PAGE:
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We are giving consumers unseen content and filmmakers a platform, says ABC Talkies founder Siddharth Sinha

The film tech company enables directors to set their own ticket prices and directly access audiences through its pay-per-view model.

Siddharth Sinha

Sukhpreet Kahlon

On 26 February, India’s first film tech company, ABC Talkies, came into existence. The brainchild of founder Siddharth Sinha, the company describes itself as being the world’s first cinema marketplace and aims to connect communities and offer a platform to young and independent filmmakers to showcase their work without going through aggregators and distributors. It also enables filmmakers to monetize their films wherein they can set their own ticket price. 

Given the limited options for a film’s release outside of traditional structures, ABC Talkies hopes to enable filmmakers to directly access audiences through its pay-per-view model. Explaining the positioning of the company, Sinha said, “We are not an OTT platform. We are positioning ourselves as a film tech platform and we are proud to own the space to say that this is the world’s first cinema marketplace. We want to target a lot of independent filmmakers. There are a lot of films that are good films but they don’t get a chance to get to the theatre or satellite for various reasons — commercially they are not viable, no star cast, not great to attract people to the theatre.”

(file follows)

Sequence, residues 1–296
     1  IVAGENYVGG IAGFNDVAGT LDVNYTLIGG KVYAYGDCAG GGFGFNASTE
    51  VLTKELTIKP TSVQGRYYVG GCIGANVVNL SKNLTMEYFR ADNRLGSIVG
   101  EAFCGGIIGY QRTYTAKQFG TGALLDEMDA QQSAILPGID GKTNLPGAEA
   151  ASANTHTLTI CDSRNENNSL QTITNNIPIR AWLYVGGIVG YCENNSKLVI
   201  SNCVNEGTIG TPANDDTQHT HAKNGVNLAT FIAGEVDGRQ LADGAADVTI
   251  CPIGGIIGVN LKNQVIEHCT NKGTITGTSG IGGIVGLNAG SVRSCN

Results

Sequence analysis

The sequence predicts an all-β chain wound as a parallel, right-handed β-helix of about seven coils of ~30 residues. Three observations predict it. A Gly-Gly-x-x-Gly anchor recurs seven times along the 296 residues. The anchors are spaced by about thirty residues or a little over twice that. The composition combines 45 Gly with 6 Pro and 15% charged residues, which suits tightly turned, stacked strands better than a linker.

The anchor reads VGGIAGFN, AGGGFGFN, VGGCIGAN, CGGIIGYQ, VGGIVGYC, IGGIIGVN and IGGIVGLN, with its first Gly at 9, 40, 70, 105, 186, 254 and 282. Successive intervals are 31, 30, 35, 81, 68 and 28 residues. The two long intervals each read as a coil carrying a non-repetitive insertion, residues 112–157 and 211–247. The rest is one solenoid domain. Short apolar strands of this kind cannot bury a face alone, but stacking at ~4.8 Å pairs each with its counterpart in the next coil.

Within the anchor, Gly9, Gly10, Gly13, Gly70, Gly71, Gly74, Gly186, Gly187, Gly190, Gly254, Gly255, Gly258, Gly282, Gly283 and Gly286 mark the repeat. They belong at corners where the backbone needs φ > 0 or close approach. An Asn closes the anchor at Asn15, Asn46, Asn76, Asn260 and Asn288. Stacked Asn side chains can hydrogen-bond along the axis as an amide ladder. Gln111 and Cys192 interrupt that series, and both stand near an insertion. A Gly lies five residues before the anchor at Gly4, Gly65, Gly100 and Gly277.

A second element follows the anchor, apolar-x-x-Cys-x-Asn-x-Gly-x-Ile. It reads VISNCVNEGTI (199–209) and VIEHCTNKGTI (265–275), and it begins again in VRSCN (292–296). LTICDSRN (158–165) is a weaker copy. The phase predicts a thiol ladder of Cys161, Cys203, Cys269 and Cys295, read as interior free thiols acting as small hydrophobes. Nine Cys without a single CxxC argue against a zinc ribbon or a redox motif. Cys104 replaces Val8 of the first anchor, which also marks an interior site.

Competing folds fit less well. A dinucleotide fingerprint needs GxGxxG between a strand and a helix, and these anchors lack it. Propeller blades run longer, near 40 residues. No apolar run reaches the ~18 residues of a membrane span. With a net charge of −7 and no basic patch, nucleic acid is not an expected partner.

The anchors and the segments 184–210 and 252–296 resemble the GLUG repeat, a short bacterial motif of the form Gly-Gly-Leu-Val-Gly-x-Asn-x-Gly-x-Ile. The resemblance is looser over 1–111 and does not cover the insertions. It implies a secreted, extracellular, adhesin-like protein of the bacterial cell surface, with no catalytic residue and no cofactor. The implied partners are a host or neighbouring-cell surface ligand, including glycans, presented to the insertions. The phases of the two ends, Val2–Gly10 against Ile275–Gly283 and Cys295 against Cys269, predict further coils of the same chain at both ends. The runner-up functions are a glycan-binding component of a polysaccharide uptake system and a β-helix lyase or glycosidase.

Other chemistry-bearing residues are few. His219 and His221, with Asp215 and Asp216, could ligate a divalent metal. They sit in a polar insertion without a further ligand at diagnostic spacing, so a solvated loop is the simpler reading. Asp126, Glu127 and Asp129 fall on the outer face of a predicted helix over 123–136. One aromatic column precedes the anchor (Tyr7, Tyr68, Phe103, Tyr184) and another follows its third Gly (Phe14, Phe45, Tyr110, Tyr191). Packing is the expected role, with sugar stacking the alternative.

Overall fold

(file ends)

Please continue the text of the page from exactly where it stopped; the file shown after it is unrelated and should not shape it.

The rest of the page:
Sinha found that in a country where approximately 2,400 films are made every year, very few of them get to see the light of day and started thinking seriously about creating a platform for these films. “Last year is when we started thinking seriously about starting ABC Talkies, when we thought that today, because of the current situation we are in, people are spending more time at home and on the internet, trying to see new kind of content. Content consumption has increased and I thought that this is the right time for us to start this business. We are giving consumers unseen content, unseen directors, we are giving the filmmakers a platform.”